Wed 24 Sep
Three of my partners at Behavior are due to make a huge pitch for a new project to our biggest client tomorrow morning. To do my part, I played the part of the production lackey this evening. This entailed not even typing a single paragraph of the proposal nor laying out a single spread in the elaborate leave-behind book they prepared for the client.
Rather, my duties included making a run to two paper stores, two art supply stores and a visit to Staples, printing six copies of the 50-page document on our rather leisurely-paced color printer, trimming all the copies down to the custom size we had determined for the book, collating the pages, assembling the pages in the uncommon binder we purchased to house them, and affixing tab dividers to mark the eight sections in each book.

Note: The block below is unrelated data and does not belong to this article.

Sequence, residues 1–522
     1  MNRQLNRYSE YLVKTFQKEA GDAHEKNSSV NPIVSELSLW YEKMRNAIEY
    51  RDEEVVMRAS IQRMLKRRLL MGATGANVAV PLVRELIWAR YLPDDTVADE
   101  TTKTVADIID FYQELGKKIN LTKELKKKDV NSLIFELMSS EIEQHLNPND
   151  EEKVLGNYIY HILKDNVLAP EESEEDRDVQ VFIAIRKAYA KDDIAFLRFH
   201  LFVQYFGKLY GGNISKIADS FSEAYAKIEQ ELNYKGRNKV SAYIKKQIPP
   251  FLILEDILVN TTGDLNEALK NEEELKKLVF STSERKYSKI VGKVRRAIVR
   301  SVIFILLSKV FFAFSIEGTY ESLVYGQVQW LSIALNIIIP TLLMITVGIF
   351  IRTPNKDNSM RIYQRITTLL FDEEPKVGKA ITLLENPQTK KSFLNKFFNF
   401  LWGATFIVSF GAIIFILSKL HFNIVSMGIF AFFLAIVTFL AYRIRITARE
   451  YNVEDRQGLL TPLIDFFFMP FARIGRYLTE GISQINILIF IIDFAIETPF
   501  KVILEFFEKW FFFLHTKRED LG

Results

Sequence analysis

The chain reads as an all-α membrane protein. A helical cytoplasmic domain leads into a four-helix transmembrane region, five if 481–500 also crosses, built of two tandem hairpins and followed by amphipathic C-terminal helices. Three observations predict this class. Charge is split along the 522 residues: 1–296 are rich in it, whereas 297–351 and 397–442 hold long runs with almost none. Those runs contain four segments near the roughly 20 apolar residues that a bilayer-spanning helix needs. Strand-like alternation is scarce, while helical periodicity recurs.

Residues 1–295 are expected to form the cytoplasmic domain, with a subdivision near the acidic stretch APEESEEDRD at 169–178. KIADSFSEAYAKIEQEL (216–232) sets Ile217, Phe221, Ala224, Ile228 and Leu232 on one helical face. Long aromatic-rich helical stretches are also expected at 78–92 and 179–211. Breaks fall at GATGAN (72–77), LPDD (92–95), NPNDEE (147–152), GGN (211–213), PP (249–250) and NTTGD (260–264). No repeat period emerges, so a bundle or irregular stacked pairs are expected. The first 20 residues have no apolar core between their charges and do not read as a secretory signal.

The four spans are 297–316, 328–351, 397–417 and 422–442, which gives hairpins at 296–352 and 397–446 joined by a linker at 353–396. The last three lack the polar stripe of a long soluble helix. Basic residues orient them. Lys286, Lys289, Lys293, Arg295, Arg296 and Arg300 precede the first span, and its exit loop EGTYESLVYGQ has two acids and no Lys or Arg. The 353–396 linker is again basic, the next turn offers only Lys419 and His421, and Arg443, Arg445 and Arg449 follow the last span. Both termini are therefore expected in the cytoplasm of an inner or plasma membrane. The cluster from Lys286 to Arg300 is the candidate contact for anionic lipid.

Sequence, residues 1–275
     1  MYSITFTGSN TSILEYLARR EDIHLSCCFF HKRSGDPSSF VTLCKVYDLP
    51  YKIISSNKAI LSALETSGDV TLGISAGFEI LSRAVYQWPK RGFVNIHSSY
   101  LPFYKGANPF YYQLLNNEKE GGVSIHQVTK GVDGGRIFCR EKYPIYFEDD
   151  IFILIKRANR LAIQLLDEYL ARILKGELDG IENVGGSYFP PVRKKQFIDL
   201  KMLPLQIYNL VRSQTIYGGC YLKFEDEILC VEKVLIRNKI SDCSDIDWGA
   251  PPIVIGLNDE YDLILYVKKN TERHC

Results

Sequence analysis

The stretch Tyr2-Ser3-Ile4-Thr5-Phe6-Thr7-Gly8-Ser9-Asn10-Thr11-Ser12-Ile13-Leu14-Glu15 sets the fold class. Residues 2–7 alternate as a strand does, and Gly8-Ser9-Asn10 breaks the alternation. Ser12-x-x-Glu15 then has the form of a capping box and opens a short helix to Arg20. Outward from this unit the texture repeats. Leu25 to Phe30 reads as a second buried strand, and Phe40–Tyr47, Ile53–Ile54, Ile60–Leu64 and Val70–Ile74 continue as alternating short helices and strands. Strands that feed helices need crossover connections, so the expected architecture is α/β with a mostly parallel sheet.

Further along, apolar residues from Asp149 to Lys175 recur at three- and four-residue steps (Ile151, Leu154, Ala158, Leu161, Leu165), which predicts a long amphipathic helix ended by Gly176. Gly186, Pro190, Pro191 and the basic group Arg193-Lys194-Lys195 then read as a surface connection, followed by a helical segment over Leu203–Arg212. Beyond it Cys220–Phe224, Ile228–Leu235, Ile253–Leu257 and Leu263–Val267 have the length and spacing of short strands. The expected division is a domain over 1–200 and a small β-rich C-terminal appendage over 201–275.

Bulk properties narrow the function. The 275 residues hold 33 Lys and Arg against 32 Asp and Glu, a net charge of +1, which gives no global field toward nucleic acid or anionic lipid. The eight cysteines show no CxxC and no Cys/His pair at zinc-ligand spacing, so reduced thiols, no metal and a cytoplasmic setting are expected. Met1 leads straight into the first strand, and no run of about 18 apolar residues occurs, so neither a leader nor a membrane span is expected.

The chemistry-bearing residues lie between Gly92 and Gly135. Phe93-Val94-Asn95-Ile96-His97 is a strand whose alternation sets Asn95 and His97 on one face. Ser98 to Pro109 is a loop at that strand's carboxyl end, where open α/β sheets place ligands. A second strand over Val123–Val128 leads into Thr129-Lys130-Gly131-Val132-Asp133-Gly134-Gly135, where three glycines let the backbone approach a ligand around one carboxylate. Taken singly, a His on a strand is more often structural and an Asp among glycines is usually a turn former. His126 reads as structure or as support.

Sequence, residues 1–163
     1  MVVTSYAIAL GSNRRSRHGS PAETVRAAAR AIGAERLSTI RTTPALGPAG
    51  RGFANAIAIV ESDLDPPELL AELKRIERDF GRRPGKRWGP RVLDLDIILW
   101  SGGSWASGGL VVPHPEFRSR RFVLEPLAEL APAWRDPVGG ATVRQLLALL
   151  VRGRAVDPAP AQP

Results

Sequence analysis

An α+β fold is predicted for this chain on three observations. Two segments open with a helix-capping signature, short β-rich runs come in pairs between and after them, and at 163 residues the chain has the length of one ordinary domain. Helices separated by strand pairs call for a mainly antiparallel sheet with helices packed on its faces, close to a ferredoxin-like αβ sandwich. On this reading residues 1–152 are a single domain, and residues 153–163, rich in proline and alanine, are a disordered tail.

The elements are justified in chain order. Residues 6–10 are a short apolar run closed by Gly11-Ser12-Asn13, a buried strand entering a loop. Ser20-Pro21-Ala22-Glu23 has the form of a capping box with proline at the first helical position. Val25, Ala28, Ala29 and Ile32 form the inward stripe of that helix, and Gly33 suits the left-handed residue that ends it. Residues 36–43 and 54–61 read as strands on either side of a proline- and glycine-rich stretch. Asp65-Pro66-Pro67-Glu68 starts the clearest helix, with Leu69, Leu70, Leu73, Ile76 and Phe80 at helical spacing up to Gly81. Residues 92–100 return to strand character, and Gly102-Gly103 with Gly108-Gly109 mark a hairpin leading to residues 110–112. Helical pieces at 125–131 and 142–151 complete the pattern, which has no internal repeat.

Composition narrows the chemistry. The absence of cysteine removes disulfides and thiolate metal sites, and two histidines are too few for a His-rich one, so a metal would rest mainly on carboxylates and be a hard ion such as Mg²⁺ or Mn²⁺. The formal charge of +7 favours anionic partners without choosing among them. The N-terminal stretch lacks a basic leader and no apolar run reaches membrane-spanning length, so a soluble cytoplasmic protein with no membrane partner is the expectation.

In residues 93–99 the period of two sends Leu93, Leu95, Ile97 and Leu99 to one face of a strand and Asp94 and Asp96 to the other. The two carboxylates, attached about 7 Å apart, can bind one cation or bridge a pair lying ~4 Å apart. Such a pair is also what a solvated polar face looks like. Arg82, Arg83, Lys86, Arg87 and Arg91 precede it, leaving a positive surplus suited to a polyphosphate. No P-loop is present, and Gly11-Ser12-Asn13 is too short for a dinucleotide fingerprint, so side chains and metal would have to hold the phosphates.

I’ve done manual work from time to time since starting Behavior, but rarely to this extent. I’m not complaining, though — in fact, despite its physically laborious demands, I found a kind of meditative quality in the whole endeavor. If nothing else, it was a semi-pleasant flashback to the days when I was an intern and even my first few years as a professional, so-called ‘junior designer,’ when fully half of every working day must have been spent cutting, trimming and affixing things to be given to people. After ten years (yikes!) in the business — including two as an owner in an independent design business — there’s a kind of irony in that, right?